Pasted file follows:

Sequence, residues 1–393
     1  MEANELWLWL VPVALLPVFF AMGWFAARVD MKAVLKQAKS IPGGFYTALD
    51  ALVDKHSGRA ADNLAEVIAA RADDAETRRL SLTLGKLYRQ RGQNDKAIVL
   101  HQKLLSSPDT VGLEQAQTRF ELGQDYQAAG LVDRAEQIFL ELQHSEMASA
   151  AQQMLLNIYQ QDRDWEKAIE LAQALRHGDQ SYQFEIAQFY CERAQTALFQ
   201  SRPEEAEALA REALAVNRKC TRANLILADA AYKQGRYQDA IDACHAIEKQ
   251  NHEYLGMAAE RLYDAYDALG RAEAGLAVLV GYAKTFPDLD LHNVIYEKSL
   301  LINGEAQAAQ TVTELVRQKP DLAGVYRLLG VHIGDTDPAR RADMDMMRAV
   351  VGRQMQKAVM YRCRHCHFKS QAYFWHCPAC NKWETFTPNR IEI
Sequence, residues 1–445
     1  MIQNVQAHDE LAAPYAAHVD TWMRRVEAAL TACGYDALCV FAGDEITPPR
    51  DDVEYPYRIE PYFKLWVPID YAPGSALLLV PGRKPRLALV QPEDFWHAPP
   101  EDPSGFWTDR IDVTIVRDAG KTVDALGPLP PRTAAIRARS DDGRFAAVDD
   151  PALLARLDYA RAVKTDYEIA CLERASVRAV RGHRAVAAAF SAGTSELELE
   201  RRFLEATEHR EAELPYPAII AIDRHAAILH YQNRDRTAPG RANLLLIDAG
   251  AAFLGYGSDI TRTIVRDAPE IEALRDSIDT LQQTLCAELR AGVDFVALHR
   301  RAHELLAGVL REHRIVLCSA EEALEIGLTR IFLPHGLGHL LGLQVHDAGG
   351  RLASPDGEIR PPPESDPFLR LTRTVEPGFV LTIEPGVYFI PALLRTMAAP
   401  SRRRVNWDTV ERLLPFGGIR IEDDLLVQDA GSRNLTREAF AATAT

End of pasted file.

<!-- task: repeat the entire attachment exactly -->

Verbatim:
Sequence, residues 1–393
     1  MEANELWLWL VPVALLPVFF AMGWFAARVD MKAVLKQAKS IPGGFYTALD
    51  ALVDKHSGRA ADNLAEVIAA RADDAETRRL SLTLGKLYRQ RGQNDKAIVL
   101  HQKLLSSPDT VGLEQAQTRF ELGQDYQAAG LVDRAEQIFL ELQHSEMASA
   151  AQQMLLNIYQ QDRDWEKAIE LAQALRHGDQ SYQFEIAQFY CERAQTALFQ
   201  SRPEEAEALA REALAVNRKC TRANLILADA AYKQGRYQDA IDACHAIEKQ
   251  NHEYLGMAAE RLYDAYDALG RAEAGLAVLV GYAKTFPDLD LHNVIYEKSL
   301  LINGEAQAAQ TVTELVRQKP DLAGVYRLLG VHIGDTDPAR RADMDMMRAV
   351  VGRQMQKAVM YRCRHCHFKS QAYFWHCPAC NKWETFTPNR IEI
Sequence, residues 1–445
     1  MIQNVQAHDE LAAPYAAHVD TWMRRVEAAL TACGYDALCV FAGDEITPPR
    51  DDVEYPYRIE PYFKLWVPID YAPGSALLLV PGRKPRLALV QPEDFWHAPP
   101  EDPSGFWTDR IDVTIVRDAG KTVDALGPLP PRTAAIRARS DDGRFAAVDD
   151  PALLARLDYA RAVKTDYEIA CLERASVRAV RGHRAVAAAF SAGTSELELE
   201  RRFLEATEHR EAELPYPAII AIDRHAAILH YQNRDRTAPG RANLLLIDAG
   251  AAFLGYGSDI TRTIVRDAPE IEALRDSIDT LQQTLCAELR AGVDFVALHR
   301  RAHELLAGVL REHRIVLCSA EEALEIGLTR IFLPHGLGHL LGLQVHDAGG
   351  RLASPDGEIR PPPESDPFLR LTRTVEPGFV LTIEPGVYFI PALLRTMAAP
   401  SRRRVNWDTV ERLLPFGGIR IEDDLLVQDA GSRNLTREAF AATAT